You never know when your tea is going to end up in your muffins. (Kevin Rothbauer/Citizen)

You never know when your tea is going to end up in your muffins. (Kevin Rothbauer/Citizen)

Sarah Simpson column: Quest for effiency yields mixed bag of results

Why was there a loose peach tea leaf in my cornbread muffin, you ask?

Those brown bananas on the counter could mean only one thing: it was time to bake. Having just made cornbread mini-muffins the day before to go with our turkey taco chili soup dinner, I was in absolutely no mood to be cleaning out the tiny holes of mini-muffin tins again so quickly. I hate that part of the job.

So, instead of my son’s usual favourite banana bread muffins, I went for a more traditional loaf of banana bread. (To be honest, it was exactly the same recipe as the muffins, but dumped into an easier to clean pan. Don’t tell the kids.)

Because for a time they were all one of my kids would eat, I know the recipe by heart and have found absolutely every shortcut and time saving step possible to make it as quick and tidy as humanly possible.

I do not have Obsessive Compulsive Disorder, but I do spend a significant amount of time focused on trying to figure out the most efficient way of doing things. I have done this ever since I can remember. When I was younger, it was just so I could get the things I had to get done done, so that I could go back to doing nothing. Now that I’m older, I like to think it’s for the same reason but if adulthood has taught me anything, there’s never nothing to do. Nowadays I finish what I have to get done as quickly and efficiently as I can, and then start all over at the beginning.

Anyway, back to baking.

I assembled the wet ingredients first and then dumped in the dry. I weigh my ingredients if I can. It ensures the end result will be true to the recipe. Really though, it saves me having to wash another measuring cup. Efficient, right?

In went the flour, a bit of salt, cinnamon, and then the baking soda. Then the wet stuff.

After a bit of a mix, then a pour, I chucked it in the oven. No, what? I’d only used one bowl and one spoon. I washed them of course and then had some time on my hands. Naturally I grabbed a leftover cornbread mini-muffin because who doesn’t eat while they bake? It can’t just be me. I bit into it and along with the obvious cornbread, I could taste — and see — a hint of peach tea.

I smiled.

Why was there a loose peach tea leaf in my cornbread muffin, you ask?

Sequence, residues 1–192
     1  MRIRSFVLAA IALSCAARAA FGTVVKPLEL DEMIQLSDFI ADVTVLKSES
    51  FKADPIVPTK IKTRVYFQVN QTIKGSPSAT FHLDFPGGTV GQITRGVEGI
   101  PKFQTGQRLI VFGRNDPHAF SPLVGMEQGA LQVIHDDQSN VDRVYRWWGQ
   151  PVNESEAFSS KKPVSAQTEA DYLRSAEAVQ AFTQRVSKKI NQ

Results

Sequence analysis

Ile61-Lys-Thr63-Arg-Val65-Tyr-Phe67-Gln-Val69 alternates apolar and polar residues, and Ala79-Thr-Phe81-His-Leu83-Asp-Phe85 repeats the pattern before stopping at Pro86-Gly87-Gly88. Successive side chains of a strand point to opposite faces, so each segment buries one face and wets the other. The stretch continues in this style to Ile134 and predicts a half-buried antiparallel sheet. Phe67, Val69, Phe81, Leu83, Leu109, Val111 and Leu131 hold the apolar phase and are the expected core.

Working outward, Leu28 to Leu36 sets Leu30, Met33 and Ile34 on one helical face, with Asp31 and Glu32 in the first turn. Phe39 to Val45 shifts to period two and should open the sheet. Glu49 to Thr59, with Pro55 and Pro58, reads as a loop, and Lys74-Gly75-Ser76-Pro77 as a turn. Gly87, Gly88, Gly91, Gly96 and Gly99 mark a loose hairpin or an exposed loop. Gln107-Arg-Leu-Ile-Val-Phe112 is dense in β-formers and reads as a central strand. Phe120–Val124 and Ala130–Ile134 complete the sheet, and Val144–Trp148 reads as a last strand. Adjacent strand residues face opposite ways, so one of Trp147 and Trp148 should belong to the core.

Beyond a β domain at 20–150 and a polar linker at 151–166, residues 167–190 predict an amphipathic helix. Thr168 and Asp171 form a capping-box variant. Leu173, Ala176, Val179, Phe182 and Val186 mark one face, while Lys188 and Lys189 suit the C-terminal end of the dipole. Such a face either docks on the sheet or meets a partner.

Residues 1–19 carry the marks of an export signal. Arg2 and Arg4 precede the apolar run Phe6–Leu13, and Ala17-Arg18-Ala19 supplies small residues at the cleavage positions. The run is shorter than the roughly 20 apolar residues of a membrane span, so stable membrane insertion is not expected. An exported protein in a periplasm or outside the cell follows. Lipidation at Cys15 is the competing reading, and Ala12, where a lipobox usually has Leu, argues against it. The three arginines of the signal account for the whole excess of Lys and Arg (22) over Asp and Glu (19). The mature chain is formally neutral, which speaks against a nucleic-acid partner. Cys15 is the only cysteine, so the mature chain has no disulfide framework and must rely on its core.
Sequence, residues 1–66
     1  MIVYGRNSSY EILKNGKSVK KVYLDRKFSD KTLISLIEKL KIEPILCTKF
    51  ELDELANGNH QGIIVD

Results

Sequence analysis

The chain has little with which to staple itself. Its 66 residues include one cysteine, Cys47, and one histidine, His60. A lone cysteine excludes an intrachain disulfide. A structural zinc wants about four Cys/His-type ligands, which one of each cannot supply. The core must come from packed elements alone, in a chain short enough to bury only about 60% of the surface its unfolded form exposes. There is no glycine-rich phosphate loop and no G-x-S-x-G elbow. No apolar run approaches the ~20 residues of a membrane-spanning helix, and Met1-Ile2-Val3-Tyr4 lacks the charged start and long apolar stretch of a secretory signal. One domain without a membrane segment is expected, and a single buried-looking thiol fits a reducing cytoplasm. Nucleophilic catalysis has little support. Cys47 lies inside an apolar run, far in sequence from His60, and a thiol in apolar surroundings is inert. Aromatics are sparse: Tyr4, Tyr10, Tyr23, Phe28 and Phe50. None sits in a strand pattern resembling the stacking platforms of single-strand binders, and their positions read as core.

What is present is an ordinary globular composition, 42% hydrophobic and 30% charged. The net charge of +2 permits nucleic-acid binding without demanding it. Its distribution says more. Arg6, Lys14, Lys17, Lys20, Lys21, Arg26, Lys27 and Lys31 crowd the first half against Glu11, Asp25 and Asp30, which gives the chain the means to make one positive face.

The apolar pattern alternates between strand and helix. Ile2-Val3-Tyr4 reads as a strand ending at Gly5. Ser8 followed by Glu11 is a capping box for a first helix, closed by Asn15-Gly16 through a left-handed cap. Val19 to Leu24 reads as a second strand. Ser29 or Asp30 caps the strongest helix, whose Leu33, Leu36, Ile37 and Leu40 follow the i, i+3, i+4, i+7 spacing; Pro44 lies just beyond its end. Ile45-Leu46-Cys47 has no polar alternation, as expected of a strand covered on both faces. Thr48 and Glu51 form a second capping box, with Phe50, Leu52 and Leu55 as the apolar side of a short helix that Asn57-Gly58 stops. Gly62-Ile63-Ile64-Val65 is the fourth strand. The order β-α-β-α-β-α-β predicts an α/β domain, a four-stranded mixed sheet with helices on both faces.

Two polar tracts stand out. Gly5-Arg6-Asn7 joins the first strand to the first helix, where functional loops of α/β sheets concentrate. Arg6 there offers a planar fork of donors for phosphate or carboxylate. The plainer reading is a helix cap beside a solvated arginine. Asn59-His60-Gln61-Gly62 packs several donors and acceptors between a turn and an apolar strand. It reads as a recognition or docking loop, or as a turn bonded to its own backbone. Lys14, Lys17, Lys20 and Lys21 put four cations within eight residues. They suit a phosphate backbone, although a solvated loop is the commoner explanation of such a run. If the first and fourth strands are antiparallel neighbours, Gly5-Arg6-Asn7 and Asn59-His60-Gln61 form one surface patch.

It all began with Chinese 5 spice.

For those of you not baking-inclined, the Asian seasoning is a staple of Chinese cooking and merges star anise, Chinese cinnamon, cloves, Szechuan peppercorns and fennel seeds to include all five tastes: sweet, sour, bitter, salty and savoury.

I needed it for a recipe I was making: a char siu pork dish that my husband loves.

Needless to say I didn’t have any. That was easy to see because, in an effort to be more efficient, I’ve followed my mom’s lead and organized my spices alphabetically and in matching jars. I’ll tell you about my spice cabinet another time. Let me tell you now, though, that one way to gauge adultness is the number of spices one has accumulated. I appear to be really grown up.

In the pre-COVID times, my daughter and husband loved to go on a sushi date every now and then. My daughter is keen on the tea served. I’d told her the next time we had to go buy bulk food, we’d get some of that type of tea and I’d pull out my Japanese tea set and we could make tea.

Chinese 5 spice was our ticket to the bulk food department. (It’s all coming together now, isn’t it!)

My daughter and I set out in search for the spice blend and, after a quick stop in the candy aisle, which for some reason we can’t seem to avoid, we found it. We didn’t find the loose tea we were after so my daughter picked out a peach green tea instead.

The whole time we shopped, I was explaining to her why it’s cool to buy certain things in bulk and how it keeps things organized and reduces waste and whatnot. Our last stop in the bulk department was for some baking powder. We’ve baked a lot during COVID. Training, you know, for my little muffin maker’s “Spatulove” bakery of the future.

So, as I was explaining my methods of order and organization and how efficiency is cool and blah blah blah, I was absentmindedly scooping the baking powder into the bag I’d just filled with loose tea leaves.

“Mom!” my child shrieked! “Those aren’t supposed to be in the same bag!”

Oops. Definitely not efficient.

Stifling my inner critic, I laughed as we tried our best to separate the two products into two ends of the same bag.

“No problem,” I told her. “We’ll just sift the rest of the tea out when we get home.”

And so we did.

Or so I thought.

Every now and then though, and it’s usually when I make cornbread muffins, somebody will find a tea leaf, reminding me I’m not as great as I thought.

Even so, I can’t help but smile.

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